We were honored to be invited to exhibit at the historic St. Mary’s Church in Shrewsbury, Shropshire, United Kingdom. It is a church of many symbols, but we narrowed it to just a few to focus on for our mini series, specifically created for the church, to thank its many stewards and volunteers.
The prominent feature in our exhibit at St. Mary’s was our Symbols Series, which is an exploration of archetypal symbols that arise from a community’s collective unconscious, and how we can strategically use the appearance of these symbols in art to better understand community needs.
As we were exhibiting at the historic St. Mary’s church here in Shrewsbury, prior to delving into the 6 pieces we specifically created for the exhibit, we will provide a brief reference of some symbols from our original series that often appear in Churches around the world.
“It is the role of religious symbols to give a meaning to the life of man… It gives ample space for the unfolding of personality and permits them a full life as complete persons. Their plight is infinitely more satisfactory than that of a man in our own civilization who knows that he is (and will remain) nothing more than an underdog with no inner meaning to his life.” – Carl Jung
With that, let’s go through a few symbols that you are likely to spot various representations of, not only in the stained glass and carvings at St. Mary’s, but also in many churches and cathedrals around the world.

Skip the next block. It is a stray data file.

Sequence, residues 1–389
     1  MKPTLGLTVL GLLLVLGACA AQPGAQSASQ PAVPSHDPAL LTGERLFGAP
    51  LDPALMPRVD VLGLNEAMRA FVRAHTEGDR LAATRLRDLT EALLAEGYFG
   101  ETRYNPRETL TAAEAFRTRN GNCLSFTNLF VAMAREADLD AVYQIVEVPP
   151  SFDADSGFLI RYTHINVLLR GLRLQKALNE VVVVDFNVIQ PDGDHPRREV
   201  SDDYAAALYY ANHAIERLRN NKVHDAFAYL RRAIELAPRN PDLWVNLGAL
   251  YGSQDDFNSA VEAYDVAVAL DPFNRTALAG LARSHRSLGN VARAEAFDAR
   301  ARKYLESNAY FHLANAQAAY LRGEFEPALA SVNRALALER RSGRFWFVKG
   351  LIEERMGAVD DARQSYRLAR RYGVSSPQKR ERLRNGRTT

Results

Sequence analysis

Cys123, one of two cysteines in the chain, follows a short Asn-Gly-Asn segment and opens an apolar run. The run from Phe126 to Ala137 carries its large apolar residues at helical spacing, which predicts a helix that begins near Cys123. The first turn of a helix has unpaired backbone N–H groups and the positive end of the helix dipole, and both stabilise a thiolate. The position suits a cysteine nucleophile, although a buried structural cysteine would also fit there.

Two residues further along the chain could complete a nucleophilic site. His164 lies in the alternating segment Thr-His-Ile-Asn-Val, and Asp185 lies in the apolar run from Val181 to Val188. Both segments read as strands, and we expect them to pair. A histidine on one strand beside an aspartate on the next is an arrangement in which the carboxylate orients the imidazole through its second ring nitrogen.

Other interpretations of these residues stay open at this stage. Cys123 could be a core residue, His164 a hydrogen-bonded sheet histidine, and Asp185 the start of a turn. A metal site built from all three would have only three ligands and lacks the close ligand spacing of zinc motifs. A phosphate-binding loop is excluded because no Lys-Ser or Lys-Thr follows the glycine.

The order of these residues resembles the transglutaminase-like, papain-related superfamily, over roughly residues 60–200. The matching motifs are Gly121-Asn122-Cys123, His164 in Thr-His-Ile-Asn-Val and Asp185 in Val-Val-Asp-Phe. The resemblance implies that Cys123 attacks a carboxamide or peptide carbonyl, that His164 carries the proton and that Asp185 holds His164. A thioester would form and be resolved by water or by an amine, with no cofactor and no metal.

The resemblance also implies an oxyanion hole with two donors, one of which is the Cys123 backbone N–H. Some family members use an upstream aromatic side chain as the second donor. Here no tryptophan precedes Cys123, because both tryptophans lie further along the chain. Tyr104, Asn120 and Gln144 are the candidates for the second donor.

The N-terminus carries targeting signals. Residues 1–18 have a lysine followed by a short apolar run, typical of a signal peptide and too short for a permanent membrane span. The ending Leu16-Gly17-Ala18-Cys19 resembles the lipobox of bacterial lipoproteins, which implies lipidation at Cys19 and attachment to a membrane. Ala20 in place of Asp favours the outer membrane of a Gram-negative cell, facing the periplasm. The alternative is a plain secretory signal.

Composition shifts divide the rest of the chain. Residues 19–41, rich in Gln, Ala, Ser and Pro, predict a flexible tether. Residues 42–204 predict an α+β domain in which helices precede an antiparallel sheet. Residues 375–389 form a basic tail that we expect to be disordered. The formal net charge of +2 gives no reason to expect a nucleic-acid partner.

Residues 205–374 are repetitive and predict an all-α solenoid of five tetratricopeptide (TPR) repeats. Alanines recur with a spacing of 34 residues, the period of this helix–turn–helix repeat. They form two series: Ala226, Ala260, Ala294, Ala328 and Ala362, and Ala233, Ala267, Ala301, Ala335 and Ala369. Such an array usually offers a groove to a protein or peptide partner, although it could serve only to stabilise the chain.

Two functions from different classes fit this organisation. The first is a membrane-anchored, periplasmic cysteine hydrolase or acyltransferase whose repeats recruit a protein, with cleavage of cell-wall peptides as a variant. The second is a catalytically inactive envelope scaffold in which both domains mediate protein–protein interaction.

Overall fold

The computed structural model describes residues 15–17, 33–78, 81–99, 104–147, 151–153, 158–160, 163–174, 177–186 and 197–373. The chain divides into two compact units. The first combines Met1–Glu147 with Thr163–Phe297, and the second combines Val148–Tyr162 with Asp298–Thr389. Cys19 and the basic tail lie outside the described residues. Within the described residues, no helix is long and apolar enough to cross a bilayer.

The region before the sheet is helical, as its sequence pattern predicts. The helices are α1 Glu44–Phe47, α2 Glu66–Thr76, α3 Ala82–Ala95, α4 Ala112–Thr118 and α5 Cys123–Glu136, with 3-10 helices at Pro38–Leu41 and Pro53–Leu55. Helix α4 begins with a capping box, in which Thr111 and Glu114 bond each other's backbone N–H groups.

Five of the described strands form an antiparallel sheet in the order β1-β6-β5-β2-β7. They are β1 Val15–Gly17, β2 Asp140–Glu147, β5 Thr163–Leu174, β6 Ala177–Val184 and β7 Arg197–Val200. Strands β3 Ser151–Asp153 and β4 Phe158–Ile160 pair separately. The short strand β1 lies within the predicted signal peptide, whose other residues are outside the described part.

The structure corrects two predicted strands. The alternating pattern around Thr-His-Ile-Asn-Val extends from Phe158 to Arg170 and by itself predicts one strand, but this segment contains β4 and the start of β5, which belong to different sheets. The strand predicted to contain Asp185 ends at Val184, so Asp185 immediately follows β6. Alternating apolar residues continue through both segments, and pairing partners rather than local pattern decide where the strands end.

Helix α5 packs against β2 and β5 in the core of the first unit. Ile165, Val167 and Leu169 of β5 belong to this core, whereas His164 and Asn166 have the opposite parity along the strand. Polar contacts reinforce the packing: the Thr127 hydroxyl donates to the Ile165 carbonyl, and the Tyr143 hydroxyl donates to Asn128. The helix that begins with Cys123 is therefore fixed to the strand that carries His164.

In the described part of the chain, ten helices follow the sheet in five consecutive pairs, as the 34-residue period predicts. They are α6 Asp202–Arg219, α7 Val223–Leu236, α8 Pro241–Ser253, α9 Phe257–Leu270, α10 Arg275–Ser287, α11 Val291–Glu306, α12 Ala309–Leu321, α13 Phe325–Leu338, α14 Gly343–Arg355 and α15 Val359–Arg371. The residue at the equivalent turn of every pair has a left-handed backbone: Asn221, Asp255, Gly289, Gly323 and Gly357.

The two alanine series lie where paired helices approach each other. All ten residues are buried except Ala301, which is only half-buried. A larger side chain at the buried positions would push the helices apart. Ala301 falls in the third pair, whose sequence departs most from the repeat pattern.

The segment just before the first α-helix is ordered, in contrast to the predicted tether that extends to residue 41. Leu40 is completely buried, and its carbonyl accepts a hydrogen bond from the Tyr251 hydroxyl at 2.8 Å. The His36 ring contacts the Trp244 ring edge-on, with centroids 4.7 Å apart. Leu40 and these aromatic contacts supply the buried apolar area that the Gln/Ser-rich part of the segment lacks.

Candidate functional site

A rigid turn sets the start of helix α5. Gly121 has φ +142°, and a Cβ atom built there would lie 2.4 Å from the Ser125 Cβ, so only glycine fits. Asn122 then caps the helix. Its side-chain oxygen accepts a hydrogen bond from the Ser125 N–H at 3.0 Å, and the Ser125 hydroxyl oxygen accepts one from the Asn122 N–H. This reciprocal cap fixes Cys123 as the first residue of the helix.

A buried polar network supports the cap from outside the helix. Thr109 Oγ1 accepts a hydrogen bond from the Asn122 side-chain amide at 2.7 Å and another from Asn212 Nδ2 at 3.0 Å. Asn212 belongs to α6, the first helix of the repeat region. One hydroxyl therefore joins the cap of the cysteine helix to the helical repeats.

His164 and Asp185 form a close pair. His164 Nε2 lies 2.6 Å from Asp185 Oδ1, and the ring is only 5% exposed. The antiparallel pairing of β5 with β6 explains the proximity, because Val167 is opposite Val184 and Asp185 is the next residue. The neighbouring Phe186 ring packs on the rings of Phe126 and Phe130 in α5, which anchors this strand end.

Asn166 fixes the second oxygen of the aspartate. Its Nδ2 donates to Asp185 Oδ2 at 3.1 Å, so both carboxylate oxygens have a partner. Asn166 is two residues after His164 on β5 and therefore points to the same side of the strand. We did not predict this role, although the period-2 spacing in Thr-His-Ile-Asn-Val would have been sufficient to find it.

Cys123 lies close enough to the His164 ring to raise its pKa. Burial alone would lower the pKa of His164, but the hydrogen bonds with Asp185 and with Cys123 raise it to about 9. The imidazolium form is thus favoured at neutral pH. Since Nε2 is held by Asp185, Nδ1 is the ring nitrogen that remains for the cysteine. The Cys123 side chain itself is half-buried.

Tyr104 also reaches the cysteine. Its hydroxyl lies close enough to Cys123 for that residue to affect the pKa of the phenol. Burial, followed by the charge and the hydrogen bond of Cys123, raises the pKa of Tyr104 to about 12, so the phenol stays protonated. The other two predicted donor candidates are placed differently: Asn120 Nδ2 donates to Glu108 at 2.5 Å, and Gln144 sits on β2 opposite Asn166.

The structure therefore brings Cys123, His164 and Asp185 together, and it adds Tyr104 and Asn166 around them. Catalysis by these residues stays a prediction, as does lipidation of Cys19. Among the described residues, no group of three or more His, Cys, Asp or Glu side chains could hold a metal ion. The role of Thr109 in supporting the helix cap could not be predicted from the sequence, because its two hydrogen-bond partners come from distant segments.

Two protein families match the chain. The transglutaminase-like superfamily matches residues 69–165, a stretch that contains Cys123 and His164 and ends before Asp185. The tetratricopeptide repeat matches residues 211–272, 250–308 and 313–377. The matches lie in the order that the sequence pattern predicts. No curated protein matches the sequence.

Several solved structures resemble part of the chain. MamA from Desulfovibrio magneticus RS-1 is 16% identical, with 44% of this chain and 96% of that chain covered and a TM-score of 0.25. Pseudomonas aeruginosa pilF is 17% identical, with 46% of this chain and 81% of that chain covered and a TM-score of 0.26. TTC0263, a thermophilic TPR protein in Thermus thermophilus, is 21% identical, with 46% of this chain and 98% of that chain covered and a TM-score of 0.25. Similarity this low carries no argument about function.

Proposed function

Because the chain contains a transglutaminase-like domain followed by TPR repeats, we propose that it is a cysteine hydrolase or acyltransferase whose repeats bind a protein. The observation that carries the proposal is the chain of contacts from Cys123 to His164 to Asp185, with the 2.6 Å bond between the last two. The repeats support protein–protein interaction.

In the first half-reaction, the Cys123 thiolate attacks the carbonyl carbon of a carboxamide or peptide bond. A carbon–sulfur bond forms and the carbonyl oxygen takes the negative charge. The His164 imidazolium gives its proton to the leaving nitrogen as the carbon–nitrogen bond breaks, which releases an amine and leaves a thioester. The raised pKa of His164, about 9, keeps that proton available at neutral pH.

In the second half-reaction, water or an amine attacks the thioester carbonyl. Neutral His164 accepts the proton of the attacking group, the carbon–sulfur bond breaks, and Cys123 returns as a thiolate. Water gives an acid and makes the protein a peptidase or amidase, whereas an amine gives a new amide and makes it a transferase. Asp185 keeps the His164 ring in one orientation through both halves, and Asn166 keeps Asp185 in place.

To start us off, we have the symbol of Creation, which is perhaps the most fundamental of all archetypal motifs — virtually every mythology is built on some account of how the Cosmos, Nature, and Man were brought into existence.
This design is a surrealist approach to the Ostrich Egg symbol, with a part of a piece by Giovanni Bellini central to it. The original Bellini piece has the ostrich egg in the middle, but many paintings from the period actually feature the ostrich egg.
In medieval times, the ostrich — a much admired bird at the time — was commonly believed to bury its eggs in sand and allow the heat of the sun to carry out the incubation. On account of the young emerging without parental involvement, it was thought that the ostrich egg was an ideal symbol of the virginity of Mary — a theologically tricky concept for which parallels in nature were sought. So the ostrich egg was a symbol of Mary’s virginity.
This piece is all about the palm leaf, which tends to symbolize triumph and victory. In the classical era, palms were used as symbols of success.. The Romans awarded palm branches to celebrate military successes and the Latin word “palma” even eventually became almost synonymous with “victory”. In this context, the palm leaf is also a symbol of eternal life and abundance.
The Fish Cross was an ancient symbol of Jesus and considered as a secret code for Christianity during the 1830s to prevent being persecuted. The fish is also a symbol of baptism – as a fish cannot live without water, so a true Christian won’t find salvation without passing through the waters of baptism.
Union of Opposites
The symbol, Union of Opposites, specifically depicts both the caduceus and the ouroboros.